Eve, the Book of Genesis tells us, was formed from a rib from Adam, but the all-male vocal group Celtic Thunder followed Celtic Woman, whose ladies had been a roaring success for three years by the time the men got going, in 2007. The two groups in fact share a brain-parent, Irish producer Sharon Browne. But the men are hardly playing second fiddle. By 2008 they had already completed a US tour of 50 cities. They’ve since become a regular PBS attraction, and one former member, Damian McGinty, has gone on to star on “Glee.” This year they released their 10th CD, “Mythology”; on Tuesday, they’ll be performing live at the Orpheum Theatre in support of that album.
Speaking on a conference call with the group’s music director, David Munro, Browne explains that “Celtic Thunder was originally going to be called Celtic Man, and I actually had the concept for that one first. But I had been working with large numbers of male orchestras for over 20 years on stage, and I had a handful of boys at home, so frankly I was sick of men, for a while.” She adds that she would have gone for Celtic Man as a name, but her business partners objected, so the group became Celtic Thunder.
What is it about the popular appeal of the name “Celtic” anyway? Browne cites the most recent US census showing that “46 million people in America consider themselves Irish-American.” Munro says simply, “Salmon swimming upstream. Coming back to your roots.”
Munro acknowledges that, despite the name, Celtic Thunder is essentially an Irish singing group, but he points out that one of the six current members, George Donaldson, is Scottish. What’s behind it for him, he says, is “the Celtic love of storytelling. The oral tradition is very strong in Celtic cultures, and that’s something we push on stage all the time. When the boys stop telling stories in their performances, they’ve got something wrong.”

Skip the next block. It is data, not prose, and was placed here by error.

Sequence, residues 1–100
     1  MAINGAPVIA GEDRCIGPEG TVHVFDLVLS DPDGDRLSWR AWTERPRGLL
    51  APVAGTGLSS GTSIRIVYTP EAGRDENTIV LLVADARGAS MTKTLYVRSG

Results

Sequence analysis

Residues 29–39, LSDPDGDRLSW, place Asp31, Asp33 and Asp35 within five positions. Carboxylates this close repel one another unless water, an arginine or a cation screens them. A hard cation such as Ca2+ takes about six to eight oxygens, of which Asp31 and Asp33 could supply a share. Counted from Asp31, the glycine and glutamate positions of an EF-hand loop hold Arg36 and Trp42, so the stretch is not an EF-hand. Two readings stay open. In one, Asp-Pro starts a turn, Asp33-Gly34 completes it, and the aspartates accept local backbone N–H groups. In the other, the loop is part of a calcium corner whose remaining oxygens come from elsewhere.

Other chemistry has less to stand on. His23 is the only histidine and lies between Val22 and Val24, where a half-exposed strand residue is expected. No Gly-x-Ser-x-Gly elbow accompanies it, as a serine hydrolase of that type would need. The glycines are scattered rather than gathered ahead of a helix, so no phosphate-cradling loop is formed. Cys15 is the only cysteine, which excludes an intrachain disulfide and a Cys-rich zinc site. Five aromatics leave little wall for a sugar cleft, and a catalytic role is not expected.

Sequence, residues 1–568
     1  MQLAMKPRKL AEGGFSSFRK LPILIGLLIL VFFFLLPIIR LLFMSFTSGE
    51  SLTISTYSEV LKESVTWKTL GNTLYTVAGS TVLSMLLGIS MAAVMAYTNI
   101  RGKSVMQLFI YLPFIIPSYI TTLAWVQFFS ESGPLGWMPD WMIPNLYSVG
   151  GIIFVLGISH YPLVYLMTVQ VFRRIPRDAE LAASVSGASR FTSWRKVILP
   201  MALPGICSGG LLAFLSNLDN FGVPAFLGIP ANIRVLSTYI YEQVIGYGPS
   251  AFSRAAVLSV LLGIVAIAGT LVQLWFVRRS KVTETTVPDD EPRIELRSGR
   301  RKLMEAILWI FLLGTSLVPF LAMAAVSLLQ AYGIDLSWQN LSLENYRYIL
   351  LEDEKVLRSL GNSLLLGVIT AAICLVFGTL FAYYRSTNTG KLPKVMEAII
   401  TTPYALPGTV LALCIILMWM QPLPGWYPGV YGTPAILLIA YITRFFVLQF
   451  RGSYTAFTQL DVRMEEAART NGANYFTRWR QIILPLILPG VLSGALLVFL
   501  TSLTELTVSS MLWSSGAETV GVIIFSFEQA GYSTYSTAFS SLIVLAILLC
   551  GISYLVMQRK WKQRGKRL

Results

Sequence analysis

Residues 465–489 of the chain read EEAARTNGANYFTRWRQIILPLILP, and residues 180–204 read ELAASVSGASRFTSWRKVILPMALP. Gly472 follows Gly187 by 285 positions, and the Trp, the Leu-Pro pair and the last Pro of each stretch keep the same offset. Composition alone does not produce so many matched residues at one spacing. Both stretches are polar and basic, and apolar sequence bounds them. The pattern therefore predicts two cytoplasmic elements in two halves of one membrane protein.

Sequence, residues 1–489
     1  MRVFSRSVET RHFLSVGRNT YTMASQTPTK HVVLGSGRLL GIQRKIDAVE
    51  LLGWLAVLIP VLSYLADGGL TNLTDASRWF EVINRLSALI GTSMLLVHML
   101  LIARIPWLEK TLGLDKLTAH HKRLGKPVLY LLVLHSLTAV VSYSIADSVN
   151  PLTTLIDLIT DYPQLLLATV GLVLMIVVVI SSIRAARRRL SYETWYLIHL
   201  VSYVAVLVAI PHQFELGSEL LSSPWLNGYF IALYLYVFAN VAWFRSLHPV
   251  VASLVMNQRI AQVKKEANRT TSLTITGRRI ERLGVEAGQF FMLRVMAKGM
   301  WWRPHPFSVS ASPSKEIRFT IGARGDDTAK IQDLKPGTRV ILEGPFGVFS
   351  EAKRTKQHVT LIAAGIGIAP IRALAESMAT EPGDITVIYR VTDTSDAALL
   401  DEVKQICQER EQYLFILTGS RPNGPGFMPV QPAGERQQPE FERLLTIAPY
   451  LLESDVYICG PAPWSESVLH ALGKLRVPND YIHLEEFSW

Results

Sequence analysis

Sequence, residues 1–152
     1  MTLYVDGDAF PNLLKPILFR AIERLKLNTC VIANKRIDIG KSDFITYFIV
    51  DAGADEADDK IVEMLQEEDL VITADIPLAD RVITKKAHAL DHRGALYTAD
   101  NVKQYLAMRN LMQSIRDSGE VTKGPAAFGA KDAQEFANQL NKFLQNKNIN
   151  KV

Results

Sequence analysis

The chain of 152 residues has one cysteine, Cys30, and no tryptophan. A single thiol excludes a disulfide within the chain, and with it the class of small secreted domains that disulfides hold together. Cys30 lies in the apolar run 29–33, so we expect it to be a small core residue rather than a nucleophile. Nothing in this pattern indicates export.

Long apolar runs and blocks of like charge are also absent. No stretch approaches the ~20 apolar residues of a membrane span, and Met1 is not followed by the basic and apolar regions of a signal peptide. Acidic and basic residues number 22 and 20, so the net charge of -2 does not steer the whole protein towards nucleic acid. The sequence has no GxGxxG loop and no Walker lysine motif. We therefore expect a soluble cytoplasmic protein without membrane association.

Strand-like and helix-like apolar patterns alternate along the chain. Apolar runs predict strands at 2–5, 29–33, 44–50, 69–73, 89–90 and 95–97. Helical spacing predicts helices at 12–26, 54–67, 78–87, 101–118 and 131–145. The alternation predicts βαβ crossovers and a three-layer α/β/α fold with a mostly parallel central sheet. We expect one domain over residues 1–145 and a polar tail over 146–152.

Browne makes it clear that Celtic Thunder isn’t just a bunch of Irish vocals, it’s an Irish show. “When I was casting, I wanted to find a group of men that spanned the range of ages, and stages, in a man’s life. The very first show ranged from 14 to 40. They were all different ages, obviously, and they were all very different personalities and different types of voices. And the material we were picking was to suit the character in terms of age, in terms of the stage they were in life as a man.”
She says she passed up established artists in favor of new talent. She was looking for ability, but also for the character of the man and the charisma of the person. As for the music, she explains that “though the preference of fans is for the very traditional Irish songs and melodies, if we don’t give younger and new Irish songwriters and performers a chance, then we’re never going to have new traditional favorites.” The Celtic Thunder repertoire is nothing if not eclectic, ranging from Irish Gaelic numbers like “Dúlamán” and “Buachaill ón Éirne” and “Mo Ghile Mear” at one end to “Scarlet Ribbons” and “Over the Rainbow” and Garth Brooks’s “The Thunder Rolls” at the other. Munro says he’ll “take Celtic music and perhaps dress it up with a little more theater than normal.” He adds, “I’ll take inspiration from anywhere. Simon and Garfunkel weren’t Celtic, but there’s a Simon and Garfunkel song [“The Sound of Silence”] in the ‘Mythology’ show, so that works as well.”
On the albums, he says, the orchestras have been getting bigger and bigger; the one they used for the upcoming Christmas album, “Christmas Voices,” numbers 90. At the Orpheum, however, there’ll be space for only seven members of the Celtic Thunder Band, musicians he describes as “very accomplished at a variety of different instruments, so we try to spread them about as much as possible.”
As for “Mythology,” he says it’s “an umbrella title for what we’ve put on stage. There’s no through line, there’s no linear connection between one song and the other, except all the songs in their own way have a story to tell.”
Browne elaborates, “We wanted to get back to reinforcing who the characters in the show are. What they are in terms of men, what they represent to women. What kind of man they are. So we very carefully picked the songs to reflect the characters of each of the singers. David worked with various songwriters in Ireland getting original pieces for the show. And the harmonies in most of the ensemble numbers in ‘Mythology’ are very complex. It took a long time to get them right.”
Meanwhile, don’t despair of seeing Celtic Thunder live backed by more than a septet. “Christmas Voices” is due next month, and Browne says they’re “planning to do a Christmas symphony tour next year traveling around America and Canada visiting as a guest of various symphony orchestras. So we can actually get to play live with a real big orchestra.”Jeffrey Gantz can be reached at email@example.com.